Hi-tech fair bridges Chinese innovators with world

Xinhua
An exhibition featuring Chinese hi-tech products and technology opened Thursday in Shenzhen, south China's Guangdong Province.
Xinhua
Xinhua

Robots play football under the command of a person during the 19th China Hi-Tech Fair in Shenzhen, south China's Guangdong Province, Nov. 16, 2017. More than 3,000 exhibitors would show latest achievements in science and technology here on the fair which kicked off on Thursday.

An exhibition featuring Chinese hi-tech products and technology opened Thursday in Shenzhen, south China's Guangdong Province.

The China Hi-tech Fair 2017 has drawn more than 3,000 exhibitors from over 30 countries and regions.

Covering a total area of 120,000 square meters, 12 exhibition zones feature hi-tech products in environmental protection, biological sciences, new energy, new materials, military and civil integration, and sensor technology.

Gao Zimin, deputy mayor of Shenzhen, said people from 80 countries and regions will look for business opportunities and the number of visitors will exceed 500,000 during the six-day event.

As well as the release of over 1,000 new products, around 100 technical meetings and forums will discuss different sectors. Fair organizers have arranged meetings between overseas purchasers and domestic hi-tech companies, and investigation tours for international exhibitors, Gao said.

A Belt and Road pavilion has drawn exhibitors from 27 countries and regions, the most since the pavilion was set up in 2015.

"The fair has brought more international attention, communication and cooperation between Chinese hi-tech players and their foreign counterparts," said Gao, adding delegations from Argentina and Papua New Guinea are attending the fair for the first time.

"We look forward to cooperation in renewable resources, technology and application research, transport and security," said Ruben Galleguillo, Minister of Planning and Industry of the Argentine La Rioja Province, who is heading the Argentine delegation.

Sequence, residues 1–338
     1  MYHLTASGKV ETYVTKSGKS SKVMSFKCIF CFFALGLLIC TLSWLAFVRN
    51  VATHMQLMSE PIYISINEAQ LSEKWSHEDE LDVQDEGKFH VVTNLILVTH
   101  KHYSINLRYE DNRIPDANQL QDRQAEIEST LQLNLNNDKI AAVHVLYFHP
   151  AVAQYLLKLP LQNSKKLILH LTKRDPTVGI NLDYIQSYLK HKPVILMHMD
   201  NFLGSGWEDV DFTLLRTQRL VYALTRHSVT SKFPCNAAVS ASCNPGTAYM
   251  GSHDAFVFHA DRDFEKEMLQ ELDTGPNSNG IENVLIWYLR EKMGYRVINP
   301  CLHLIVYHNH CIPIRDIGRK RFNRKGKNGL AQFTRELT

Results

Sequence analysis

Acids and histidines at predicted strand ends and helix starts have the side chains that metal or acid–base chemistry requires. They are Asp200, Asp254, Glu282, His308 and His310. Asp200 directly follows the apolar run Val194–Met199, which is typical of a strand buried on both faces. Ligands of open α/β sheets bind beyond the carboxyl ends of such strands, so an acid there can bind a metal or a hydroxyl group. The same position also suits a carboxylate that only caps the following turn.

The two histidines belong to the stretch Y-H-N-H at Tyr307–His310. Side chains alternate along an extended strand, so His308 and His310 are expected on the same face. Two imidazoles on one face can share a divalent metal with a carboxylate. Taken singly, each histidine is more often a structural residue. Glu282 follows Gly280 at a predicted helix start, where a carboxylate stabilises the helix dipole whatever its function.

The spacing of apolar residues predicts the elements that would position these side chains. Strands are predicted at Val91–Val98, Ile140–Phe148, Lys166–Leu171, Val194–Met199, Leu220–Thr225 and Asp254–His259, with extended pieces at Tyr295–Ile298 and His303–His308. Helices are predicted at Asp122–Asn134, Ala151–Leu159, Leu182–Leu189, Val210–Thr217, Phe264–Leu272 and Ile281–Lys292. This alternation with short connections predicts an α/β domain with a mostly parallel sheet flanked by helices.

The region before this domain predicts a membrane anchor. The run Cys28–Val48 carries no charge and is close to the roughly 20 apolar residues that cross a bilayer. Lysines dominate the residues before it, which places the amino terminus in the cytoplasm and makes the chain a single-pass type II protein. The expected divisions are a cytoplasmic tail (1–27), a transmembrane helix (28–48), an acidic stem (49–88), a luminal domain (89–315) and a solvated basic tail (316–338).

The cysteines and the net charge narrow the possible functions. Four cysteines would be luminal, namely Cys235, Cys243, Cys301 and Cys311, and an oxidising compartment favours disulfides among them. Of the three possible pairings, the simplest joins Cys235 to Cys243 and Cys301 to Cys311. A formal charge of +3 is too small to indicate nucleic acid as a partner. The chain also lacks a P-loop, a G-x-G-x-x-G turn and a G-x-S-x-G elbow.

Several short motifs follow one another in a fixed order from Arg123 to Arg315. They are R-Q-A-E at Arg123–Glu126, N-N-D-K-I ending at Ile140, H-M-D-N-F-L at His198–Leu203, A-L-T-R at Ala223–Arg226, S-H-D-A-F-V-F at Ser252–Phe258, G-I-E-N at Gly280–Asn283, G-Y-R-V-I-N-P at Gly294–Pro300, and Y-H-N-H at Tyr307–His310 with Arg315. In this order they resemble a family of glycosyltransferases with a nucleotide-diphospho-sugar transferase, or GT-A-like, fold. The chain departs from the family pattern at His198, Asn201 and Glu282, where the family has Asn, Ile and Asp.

Galleguillo witnessed the signing of a contract on new energy products between Chinese automaker BYD and the La Rioja provincial government, involving 50 electric buses.

Liu Ruopeng, a computer science doctor who founded the metamaterials and aviation business Kuang-Chi in 2010, met his current business partner, Gilo Industries Group, an aerospace engineering company based in England, at the fair in 2015.

"They were very interested in our jetpack design, which enabled a man to fly, in the exhibition hall," Liu said.

Through later exchanges, they found that Kuang-Chi's vision of expanding the range of human activity to aerospace matched their vision very much, deciding to enter a cooperation to help the company upgrade the jetpack with more stable engines, he said.

In January, Kuang-Chi announced the investment of 30 million US dollars to jointly develop aerospace technology and commercialization.

The upgraded jetpack is now being displayed at the China Hi-Tech Fair.

"We look forward to developing more partnerships at the fair to further improve our product to achieve its commercialization," he said.

The annual science and technology fair, launched in 1999, is the largest and the most influential in China.

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